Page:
Thomas P. Gallagher was a man of eclecticism and deep deliberation.

He was someone who in one instance could expertly pick the best music to put on a mixtape for his daughter and the next minute hustle around a backgammon or bridge game like nobody's business. During work hours, he was known for his insightful reasoning when taking on arbitration decisions. His love for family, friends and his life work as a lawyer and arbitrator — which he pursued until his early 80s — was almost matched by his love for learning new things and reading.

He would power walk for three or four hours at a time around Lake of the Isles, Lake Harriet and Bde Maka Ska, listening to Teaching Company lectures on his Walkman cassette player on subjects like philosophy and history. He graduated to a CD player over time.

Gallagher died on Jan. 2 in hospice care from a progressive illness. He was 86.

Tara Gallagher, his daughter, said her father was an honorable person with a strong commitment to fairness and justice.

"He was just a really kind person, he had a big personality, he could be sort of overpowering because he was so smart and sometimes you felt like he was the only brain in the room," Tara Gallagher said.

"In his heart of hearts he always cared about everybody and really wanted the best for everybody."

His father, who died in 1985, was Thomas F. Gallagher, who served on the Minnesota Supreme Court. The younger Gallagher grew up in the Kenwood neighborhood of Minneapolis and received his undergraduate and law degrees at the University of Minnesota, graduating cum laude in 1958 at just 23 years old. He was note editor at the Minnesota Law Review, an accomplishment he cherished.

He heard nearly 2,000 arbitration cases over his career. In his final weeks, Gallagher told family members his proudest moment was when Frank Elkouri, a former professor at the University of Oklahoma who was a leading expert on labor arbitration, told him at a conference he was one of the best arbitrators in the country.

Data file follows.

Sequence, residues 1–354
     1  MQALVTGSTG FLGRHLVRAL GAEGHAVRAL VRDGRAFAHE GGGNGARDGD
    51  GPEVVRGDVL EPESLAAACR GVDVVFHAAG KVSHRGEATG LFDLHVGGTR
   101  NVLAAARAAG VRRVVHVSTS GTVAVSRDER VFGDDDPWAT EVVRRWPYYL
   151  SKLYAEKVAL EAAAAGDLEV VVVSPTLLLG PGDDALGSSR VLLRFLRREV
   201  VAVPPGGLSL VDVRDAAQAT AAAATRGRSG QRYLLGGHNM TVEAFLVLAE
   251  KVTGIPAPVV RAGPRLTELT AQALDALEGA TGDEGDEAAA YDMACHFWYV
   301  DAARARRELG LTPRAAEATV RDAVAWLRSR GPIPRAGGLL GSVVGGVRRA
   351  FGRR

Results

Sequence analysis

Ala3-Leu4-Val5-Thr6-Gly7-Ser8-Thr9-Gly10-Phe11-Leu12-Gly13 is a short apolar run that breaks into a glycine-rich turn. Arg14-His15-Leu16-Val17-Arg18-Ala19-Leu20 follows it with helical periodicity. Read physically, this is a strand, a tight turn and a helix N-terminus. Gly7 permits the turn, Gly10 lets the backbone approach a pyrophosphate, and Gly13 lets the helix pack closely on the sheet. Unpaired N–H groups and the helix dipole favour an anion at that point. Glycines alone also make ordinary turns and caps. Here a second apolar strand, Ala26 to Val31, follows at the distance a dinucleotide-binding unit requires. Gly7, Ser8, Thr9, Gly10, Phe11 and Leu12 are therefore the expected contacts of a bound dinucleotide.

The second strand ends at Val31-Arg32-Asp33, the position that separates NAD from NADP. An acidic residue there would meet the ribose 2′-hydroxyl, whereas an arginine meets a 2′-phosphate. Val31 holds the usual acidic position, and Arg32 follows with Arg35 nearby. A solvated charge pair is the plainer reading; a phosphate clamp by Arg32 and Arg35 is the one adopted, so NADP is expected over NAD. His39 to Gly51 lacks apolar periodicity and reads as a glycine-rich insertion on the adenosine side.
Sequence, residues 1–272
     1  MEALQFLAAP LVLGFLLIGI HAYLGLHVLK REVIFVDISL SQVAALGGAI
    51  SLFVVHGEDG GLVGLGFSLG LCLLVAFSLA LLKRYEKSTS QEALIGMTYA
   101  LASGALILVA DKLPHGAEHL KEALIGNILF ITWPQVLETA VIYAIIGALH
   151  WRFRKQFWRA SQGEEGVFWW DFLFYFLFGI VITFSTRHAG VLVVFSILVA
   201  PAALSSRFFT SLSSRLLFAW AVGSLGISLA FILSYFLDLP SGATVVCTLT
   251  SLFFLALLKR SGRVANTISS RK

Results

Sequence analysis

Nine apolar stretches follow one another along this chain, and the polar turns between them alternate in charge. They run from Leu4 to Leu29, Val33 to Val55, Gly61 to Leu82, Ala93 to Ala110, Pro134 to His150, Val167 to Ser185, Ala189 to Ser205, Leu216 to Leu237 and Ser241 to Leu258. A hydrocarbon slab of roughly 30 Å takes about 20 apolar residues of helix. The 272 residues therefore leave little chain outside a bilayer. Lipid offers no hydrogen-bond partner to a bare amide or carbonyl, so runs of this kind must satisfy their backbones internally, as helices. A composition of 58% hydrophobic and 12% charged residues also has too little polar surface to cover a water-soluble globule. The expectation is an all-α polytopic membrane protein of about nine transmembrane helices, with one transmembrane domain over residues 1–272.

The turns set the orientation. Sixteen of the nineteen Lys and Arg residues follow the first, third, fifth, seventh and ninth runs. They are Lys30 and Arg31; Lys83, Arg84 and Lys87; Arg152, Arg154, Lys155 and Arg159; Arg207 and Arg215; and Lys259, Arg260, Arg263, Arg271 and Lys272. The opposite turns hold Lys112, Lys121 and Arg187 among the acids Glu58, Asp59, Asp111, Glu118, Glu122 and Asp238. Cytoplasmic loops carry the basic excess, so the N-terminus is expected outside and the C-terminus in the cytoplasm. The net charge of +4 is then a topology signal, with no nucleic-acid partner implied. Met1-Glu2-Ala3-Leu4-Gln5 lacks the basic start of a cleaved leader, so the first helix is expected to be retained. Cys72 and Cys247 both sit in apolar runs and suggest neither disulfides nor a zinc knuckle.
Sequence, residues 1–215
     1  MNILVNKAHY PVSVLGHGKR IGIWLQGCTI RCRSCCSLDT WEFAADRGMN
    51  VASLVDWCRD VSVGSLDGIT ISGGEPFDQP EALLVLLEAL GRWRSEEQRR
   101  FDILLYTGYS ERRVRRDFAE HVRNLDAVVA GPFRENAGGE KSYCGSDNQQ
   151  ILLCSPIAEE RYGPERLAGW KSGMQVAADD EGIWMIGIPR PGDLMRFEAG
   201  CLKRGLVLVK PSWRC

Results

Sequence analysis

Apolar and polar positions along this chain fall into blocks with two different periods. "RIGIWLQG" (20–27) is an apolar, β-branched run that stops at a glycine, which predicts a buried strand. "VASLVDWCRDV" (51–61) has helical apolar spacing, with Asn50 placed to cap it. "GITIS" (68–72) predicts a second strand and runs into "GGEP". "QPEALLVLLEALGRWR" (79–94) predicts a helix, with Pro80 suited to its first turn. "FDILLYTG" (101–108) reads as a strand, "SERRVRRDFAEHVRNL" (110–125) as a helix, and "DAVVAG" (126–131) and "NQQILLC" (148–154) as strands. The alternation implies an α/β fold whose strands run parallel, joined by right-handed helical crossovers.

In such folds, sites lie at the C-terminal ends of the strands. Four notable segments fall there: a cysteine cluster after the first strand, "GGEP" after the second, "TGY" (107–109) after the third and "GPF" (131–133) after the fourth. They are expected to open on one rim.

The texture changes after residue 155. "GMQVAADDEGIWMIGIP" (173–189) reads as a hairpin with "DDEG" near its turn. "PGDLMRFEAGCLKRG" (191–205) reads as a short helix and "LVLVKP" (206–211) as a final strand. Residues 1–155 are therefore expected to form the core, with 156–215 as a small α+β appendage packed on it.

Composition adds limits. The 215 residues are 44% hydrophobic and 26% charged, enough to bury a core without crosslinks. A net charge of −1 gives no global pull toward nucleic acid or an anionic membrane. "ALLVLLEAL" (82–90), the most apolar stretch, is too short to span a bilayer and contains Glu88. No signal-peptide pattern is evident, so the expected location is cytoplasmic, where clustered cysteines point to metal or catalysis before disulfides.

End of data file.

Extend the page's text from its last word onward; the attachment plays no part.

"He really lived out a commitment to justice, so in his arbitration he would always be really deliberate and work really hard on each decision and he would weigh out both sides," Tara Gallagher said.

Black-and-white photos of Gallagher rubbing shoulders with Bobby Kennedy and Walter Mondale, and waving to a crowd with his wife, Barbara, during his unsuccessful 1966 campaign for Minnesota Supreme Court also offer a glimpse of his life.

A swipe through Gallagher's Kindle tablet reveals the range of books that captured the voracious reader's attention: "When Einstein Walked with Godel" by Jim Holt; "Paris in the Present Tense" by Mark Helprin; "Leonardo da Vinci: The Biography" by Walter Isaacson; and books by Spanish novelist Carlos Ruiz Zafón. Tara Gallagher said her father would send her mixtapes in college that would introduce her to new songs or provoke her to laugh at how "hip" her father's taste was. The mixtapes had a little bit of everything, including Earl Scruggs, Joni Mitchell, Emmylou Harris, Steve Earle and Diana Krall.

Like a true Minnesotan, Gallagher loved his lakeside walks and, as a doting father, would spend time with his kids flying box kites with twine and the dowels in Kenwood Park.

Survivors include his children Thomas C. Gallagher; Conall Gallagher of Dresser, Wis.; Tara Gallagher of Bozeman, Mont.; and Kevin Gallagher of Minneapolis; 10 grandchildren and three great-grandchildren. His wife, Barbara, died in 2002.

Memorial and burial services are planned for May 21 at the Lakewood Cemetery Memorial Chapel in Minneapolis.

Marissa Evans • 612-673-4280